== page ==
Lexis and Creativity in Translation : A Corpus Based Approach book cover
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Lexis and Creativity in Translation
A Corpus Based Approach





ISBN 9781900650397
Published December 31, 2000 by Routledge
268 Pages

 
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Book Description

Computers offer new perspectives in the study of language, allowing us to see phenomena that previously remained obscure because of the limitations of our vantage points. It is not uncommon for computers to be likened to the telescope, or microscope, in this respect. In this pioneering computer-assisted study of translation, Dorothy Kenny suggests another image, that of the kaleidoscope: playful changes of perspective using corpus-processing software allow textual patterns to come into focus and then recede again as others take their place. And against the background of repeated patterns in a corpus, creative uses of language gain a particular prominence.

In Lexis and Creativity in Translation, Kenny monitors the translation of creative source-text word forms and collocations uncovered in a specially constructed German-English parallel corpus of literary texts. Using an abundance of examples, she reveals evidence of both normalization and ingenious creativity in translation. Her discussion of lexical creativity draws on insights from traditional morphology, structural semantics and, most notably, neo-Firthian corpus linguistics, suggesting that rumours of the demise of linguistics in translation studies are greatly exaggerated.

Lexis and Creativity in Translation is essential reading for anyone interested in corpus linguistics and its impact so far on translation studies. The book also offers theoretical and practical guidance for researchers who wish to conduct their own corpus-based investigations of translation. No previous knowledge of German, corpus linguistics or computing is assumed.

 

Table of Contents

Lexis and Creativity in Translation: Contents

Acknowledgements
Introduction

 

1. Is 'linguistics' singular or plural?

 

Introduction
Chomskyan linguistics
Chomsky and translation theory
Firthian linguistics
Firth and translation theory
The postmodern critique of linguistics in translation studies
Conclusion

 

2. The soft option: corpus linguistics

 

Introduction
Corpus linguistics
Corpora: a brief history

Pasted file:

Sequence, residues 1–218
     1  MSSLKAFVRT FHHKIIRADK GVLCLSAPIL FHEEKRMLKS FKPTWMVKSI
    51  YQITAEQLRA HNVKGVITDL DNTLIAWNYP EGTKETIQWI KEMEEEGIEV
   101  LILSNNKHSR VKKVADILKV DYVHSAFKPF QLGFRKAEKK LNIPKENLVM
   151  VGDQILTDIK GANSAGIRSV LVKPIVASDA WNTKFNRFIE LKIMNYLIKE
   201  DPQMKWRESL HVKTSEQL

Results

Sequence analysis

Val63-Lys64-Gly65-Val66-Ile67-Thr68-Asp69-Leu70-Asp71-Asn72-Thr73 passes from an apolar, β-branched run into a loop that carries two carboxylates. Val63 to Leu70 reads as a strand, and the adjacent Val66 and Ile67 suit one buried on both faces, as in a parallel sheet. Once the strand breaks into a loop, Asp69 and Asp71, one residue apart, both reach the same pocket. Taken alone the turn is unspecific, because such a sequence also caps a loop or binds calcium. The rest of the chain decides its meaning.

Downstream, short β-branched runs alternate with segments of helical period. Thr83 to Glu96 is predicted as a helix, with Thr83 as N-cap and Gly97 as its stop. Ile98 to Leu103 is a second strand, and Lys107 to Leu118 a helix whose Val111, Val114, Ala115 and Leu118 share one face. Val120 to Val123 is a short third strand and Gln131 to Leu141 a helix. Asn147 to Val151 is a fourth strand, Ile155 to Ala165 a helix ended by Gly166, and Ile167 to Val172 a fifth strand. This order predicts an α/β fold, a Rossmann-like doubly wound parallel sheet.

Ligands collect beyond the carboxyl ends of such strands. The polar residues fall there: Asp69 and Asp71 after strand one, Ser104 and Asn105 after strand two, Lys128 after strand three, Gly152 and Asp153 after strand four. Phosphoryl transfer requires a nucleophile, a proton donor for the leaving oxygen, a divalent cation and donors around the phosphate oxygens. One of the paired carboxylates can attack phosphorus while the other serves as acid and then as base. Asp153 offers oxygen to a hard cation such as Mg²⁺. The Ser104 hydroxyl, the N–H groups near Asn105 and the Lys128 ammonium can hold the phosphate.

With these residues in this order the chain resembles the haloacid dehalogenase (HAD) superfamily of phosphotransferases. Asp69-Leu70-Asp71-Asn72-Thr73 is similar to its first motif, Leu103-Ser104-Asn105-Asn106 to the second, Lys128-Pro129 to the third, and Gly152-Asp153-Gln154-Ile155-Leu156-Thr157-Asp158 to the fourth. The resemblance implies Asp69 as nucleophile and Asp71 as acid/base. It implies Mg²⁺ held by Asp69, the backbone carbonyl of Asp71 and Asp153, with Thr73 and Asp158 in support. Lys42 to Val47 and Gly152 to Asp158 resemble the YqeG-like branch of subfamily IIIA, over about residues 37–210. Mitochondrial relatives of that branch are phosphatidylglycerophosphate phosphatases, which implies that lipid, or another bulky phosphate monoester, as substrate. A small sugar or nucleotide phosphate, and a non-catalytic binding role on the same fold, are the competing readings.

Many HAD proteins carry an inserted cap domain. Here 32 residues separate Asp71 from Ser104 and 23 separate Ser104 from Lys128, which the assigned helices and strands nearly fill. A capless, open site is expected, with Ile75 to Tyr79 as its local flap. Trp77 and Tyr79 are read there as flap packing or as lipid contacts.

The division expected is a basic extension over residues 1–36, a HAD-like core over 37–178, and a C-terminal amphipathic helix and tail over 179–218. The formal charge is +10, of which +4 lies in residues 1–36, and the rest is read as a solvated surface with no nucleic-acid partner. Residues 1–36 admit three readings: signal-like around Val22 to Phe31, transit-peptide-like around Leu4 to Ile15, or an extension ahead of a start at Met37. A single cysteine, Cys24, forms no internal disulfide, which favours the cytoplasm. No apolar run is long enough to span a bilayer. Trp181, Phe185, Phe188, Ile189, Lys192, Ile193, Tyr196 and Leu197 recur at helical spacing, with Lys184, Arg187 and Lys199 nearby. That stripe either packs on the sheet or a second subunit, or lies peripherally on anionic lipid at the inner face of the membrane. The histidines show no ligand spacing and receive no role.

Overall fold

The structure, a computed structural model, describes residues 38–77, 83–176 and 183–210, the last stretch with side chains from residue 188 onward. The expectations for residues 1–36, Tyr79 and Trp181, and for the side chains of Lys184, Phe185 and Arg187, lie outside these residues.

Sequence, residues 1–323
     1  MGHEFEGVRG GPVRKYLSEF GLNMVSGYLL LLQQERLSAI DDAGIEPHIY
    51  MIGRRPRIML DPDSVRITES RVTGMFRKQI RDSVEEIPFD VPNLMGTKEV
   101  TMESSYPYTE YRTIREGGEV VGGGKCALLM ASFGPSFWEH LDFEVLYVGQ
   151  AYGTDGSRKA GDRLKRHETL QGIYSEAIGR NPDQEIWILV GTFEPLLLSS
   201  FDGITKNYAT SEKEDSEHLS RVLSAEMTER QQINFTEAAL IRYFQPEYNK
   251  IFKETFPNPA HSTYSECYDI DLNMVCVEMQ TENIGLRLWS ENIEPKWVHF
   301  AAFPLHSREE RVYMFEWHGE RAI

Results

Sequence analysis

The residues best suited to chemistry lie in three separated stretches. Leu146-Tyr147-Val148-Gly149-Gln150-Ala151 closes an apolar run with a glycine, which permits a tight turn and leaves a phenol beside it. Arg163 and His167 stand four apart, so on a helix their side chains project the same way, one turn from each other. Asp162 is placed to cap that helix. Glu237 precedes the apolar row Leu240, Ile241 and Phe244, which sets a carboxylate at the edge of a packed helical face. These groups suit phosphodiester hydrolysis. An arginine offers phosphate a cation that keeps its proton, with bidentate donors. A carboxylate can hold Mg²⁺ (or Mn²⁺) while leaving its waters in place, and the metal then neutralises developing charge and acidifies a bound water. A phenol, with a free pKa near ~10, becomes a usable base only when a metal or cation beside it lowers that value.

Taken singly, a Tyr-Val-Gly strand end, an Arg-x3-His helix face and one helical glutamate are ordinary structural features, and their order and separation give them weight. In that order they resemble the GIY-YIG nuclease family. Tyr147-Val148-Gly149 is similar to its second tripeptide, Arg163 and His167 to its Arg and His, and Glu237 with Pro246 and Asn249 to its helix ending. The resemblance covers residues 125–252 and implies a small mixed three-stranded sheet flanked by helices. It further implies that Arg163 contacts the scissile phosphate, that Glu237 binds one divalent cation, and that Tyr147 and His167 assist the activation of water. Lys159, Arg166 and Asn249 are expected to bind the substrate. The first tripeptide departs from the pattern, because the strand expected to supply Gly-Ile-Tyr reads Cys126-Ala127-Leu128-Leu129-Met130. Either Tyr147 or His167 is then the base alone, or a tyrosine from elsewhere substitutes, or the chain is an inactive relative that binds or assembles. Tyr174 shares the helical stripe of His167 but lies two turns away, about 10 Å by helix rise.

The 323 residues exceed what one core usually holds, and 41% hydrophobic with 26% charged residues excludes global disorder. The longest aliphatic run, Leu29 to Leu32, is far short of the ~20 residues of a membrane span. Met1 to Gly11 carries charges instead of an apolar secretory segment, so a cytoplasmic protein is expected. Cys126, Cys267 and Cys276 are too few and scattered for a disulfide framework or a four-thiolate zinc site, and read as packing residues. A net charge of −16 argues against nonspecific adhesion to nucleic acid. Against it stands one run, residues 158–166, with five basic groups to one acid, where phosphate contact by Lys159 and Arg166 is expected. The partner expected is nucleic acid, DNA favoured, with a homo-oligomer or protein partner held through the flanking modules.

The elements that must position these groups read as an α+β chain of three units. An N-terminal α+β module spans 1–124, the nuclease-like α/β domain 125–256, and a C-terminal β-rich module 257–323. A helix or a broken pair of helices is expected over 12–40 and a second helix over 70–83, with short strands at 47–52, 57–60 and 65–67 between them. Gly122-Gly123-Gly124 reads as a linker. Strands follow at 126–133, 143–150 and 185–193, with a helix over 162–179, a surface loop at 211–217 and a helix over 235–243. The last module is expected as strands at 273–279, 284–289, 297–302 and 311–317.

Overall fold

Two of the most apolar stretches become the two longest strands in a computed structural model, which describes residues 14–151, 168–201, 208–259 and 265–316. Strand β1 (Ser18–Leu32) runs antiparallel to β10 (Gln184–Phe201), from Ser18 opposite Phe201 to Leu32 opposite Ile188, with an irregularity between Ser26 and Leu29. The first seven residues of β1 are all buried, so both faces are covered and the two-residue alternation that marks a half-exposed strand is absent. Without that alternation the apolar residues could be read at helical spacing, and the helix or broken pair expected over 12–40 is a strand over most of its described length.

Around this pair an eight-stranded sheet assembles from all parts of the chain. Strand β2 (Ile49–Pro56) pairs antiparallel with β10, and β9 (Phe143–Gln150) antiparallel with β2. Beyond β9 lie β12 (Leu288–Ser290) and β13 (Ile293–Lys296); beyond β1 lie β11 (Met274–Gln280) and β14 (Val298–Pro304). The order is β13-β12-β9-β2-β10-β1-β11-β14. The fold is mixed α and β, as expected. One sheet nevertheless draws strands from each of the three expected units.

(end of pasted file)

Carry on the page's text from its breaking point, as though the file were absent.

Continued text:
Corpora: users and uses
Corpora and neo-Firthian linguistics
Corpus processing
Global statistics
Word lists
Keyword lists
Clusters
Concordancing
Conclusion

 

3. Turning corpus linguistics on its head:corpus-based translation studies


Introduction

Descriptive translation studies
Norms, universals, and laws of translation
Corpora in translation studies
Monolingual single and comparable corpora
Parallel corpora
Bilingual and multilingual comparable corpora
Normalization in translation
Advantages and limitations of corpora in translation studies
Conclusion

 

4. A word about words

 

Introduction
The word 'word'
Word formation
Compounding
Derivation
Structural semantics
Collocation
Conflicting definitions of collocation
Beginning the study of lexis: the groundwork
Nodes and collocates
Spans
Frequency
German ad hoc compounds
Lexis and linguistic theory
The interaction of lexis and grammar
The idiom principle and the open-choice principle
Semantic preference and semantic prosody
Semantic reversal
Conclusion

 

5. The how of it: creating and using a parallel corpus

 

Introduction
Issues in corpus compilation
Representativeness
Sampling strategies
Random sampling vs stratified approaches
Internal vs external criteria
Text selection
Full texts vs texts extracts
The German-English Parallel Corpus of Literary Texts (GEPCOLT)
Sampling frame and text selection
Data capture, editing and mark-up
Corpus alignment and bilingual concordancing
Multiconcord
Comparative data
The Mannheim Corpora
The British National Corpus
Extracting instances of lexical creativity from GEPCOLT
Hapax legomena
Writer-specific forms
Unusual collocations
The node AUGE
Clusters
Evaluating the creativity of translations in GEPCOLT 140
Conclusion

 

6. Lonely words: creative hapax legomena and writer-specific forms
 
Introduction
Hapax Legomena
Creative orthography
Creative derivation
Complex verbal nouns
Compounds
Wordplay
Anaphoric relations
Semantic preference
Semantic prosody
Creative imagery
Co-ordinating and copulative compounds
Summary statistics and discussion
Writer-specific forms
Conclusion

 

7. Two left eyes: creative collocations in GEPCOLT

 

Introduction
Exploitations of collocational norms
Decomposed compounds
Lexical cohesion
Other unusual collocations
Repeated idiosyncrasies
Summary statistics and discussion
Conclusion

 

Appendix 1: Works included in the German-English Parallel Corpus of Literary Texts (GEPCOLT)
Appendix 2: Sample Header
Appendix 3: Creative Hapax Forms in the German Subcorpus
of GEPCOLT and their Translations into English

 

References
Index

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